Monday Newspaper round up.

Britain is close to agreeing a new £10bn commitment to the International Monetary Fund as the Bretton Woods institution seeks to double its war-chest at its spring meeting this week. George Osborne is expected to support the IMF’s calls for greater resources in back-room negotiations, but will only pledge the extra funds if agreement can be struck with all the major non-Eurozone nations, bar the US. Tim Geithner, US Treasury Secretary, has made it clear the US will not make any further contributions until the Eurozone has bolstered its own bail-out fund sufficiently, according to The Telegraph.

The diamond industry could acquire another sparkler if private equity house KKR pulls off a plan to merge the gem operations of BHP Billiton and Rio Tinto. America’s KKR is said to be considering a scheme to buy the divisions of the two miners and fuse them, creating the world’s third-largest diamond miner. A new company would rival the two industry leaders, De Beers and Alrosa. Both Rio and BHP have announced they are reviewing their diamond businesses with a view to a sale. They are keen to focus on key commodities like iron ore and copper, while selling out of diamonds at a time of tight supply and strong demand for gems, particularly from Asia, The Telegraph reports.

Steel giant Tata is to invest hundreds of millions of pounds in the Welsh steel industry over the next five years, it was revealed today. Returning from a trade mission to India, the First Minister of Wales said that Tata planned to invest £800m in the country. Carwyn Jones met the vice- chairman of Tata Steel, Balasubramanian Muthuraman, as part of the Welsh government’s three-day mission. They discussed Tata’s investment strategy for Wales and the Welsh government’s continuing partnership with the company, The Telegraph says.

British businesses are preparing to boost their output in the coming months, giving the economy a spring fillip, but tough conditions for exporters continue to hamper the recovery in manufacturing. The output index from accountancy firm BDO, out today, is the latest business survey to find evidence of green shoots amid Britain’s private sector. The survey, designed to indicate business conditions three months ahead, reached a nine-month high in March, but the firm warned that the road to recovery remains a long one. Neil Craig, managing partner for BDO in Glasgow, said: “It’s encouraging to see positive signs for UK growth in the short term, but it’s two steps forward followed by one step back at the moment, as the overall recovery is likely to be a slow one,” The Scotsman writes.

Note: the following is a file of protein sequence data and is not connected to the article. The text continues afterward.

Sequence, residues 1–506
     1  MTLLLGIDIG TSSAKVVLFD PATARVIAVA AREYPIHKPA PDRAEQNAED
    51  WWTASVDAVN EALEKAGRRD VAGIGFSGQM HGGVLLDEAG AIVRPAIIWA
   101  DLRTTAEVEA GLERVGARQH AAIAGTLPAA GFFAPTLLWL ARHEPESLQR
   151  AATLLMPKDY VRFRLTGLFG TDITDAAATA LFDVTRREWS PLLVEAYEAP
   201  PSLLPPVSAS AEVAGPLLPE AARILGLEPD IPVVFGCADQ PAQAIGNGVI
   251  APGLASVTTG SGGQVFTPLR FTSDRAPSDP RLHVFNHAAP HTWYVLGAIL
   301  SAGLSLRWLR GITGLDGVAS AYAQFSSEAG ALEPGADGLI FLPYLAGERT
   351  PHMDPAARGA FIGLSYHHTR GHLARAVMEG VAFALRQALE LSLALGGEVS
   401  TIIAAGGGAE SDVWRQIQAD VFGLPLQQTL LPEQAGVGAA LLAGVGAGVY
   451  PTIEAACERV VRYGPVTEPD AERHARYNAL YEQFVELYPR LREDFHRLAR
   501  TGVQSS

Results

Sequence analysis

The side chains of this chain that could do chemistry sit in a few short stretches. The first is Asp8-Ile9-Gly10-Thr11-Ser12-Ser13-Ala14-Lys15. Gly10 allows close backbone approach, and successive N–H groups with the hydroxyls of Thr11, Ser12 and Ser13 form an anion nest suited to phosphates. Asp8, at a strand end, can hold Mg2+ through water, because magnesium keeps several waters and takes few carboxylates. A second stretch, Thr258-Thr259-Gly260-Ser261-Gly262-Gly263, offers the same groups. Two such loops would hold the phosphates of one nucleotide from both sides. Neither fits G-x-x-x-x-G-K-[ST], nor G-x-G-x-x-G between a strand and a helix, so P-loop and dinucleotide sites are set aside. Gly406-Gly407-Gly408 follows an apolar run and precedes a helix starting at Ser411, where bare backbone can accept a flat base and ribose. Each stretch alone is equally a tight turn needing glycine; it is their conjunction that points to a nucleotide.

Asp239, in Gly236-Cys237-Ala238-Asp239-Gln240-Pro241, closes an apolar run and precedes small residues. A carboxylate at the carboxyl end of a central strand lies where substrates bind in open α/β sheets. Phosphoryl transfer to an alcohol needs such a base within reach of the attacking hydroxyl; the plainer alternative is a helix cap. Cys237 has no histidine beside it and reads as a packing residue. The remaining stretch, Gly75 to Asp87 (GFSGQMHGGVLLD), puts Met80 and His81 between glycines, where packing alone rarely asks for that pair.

Escalating speculation that the Co-op might pull the plug on talks to take over 600-plus Lloyds Banking Group branches following a crunch meeting of its banking board this week has been dismissed as “off beam” and premature. Weekend reports said that a meeting of the board later this week was set to decide whether to proceed with the exclusive talks with Lloyds or definitively walk away from the so-called Project Verde assets. It comes against the backdrop of the exclusivity agreement between the Co-op and Lloyds being extended at the end of March, partly due to regulatory concerns on whether the mutual could handle the doubling of its banking business, both in terms of boardroom financial expertise and the group’s capital cushions, The Scotsman reports.

The drought has officially spread across swaths of western and central England and could affect millions until Christmas and beyond. More than half the country is now in a state of drought, according to the Environment Agency (EA), with 17 more counties added today, including most of the South West and the Midlands. Although the agency does not expect ordinary households in the newly designated areas to be seriously affected yet, it said that farmers and the environment could suffer. It gave warning that the long-term impact could be dire, with the “underlying drought situation” unlikely to abate even with a wet spring and summer. The problems could run into next year, The Times reports.

The bookmaker William Hill’s “strategically important” entry into the US sports betting market has stalled, with the company appearing to be struggling to convince Nevada regulators to consider its application for a gaming licence. The state’s Gaming Control Board meets every month to vote on new applications and it is understood that William Hill’s application has not been included on the May agenda, despite a vote being widely expected by now. The UK-based company is making the application after last year’s announcement that it will acquire three Nevada sports betting companies: American Wagering, Brandywine and Cal Neva Sportsbook, The Guardian says.

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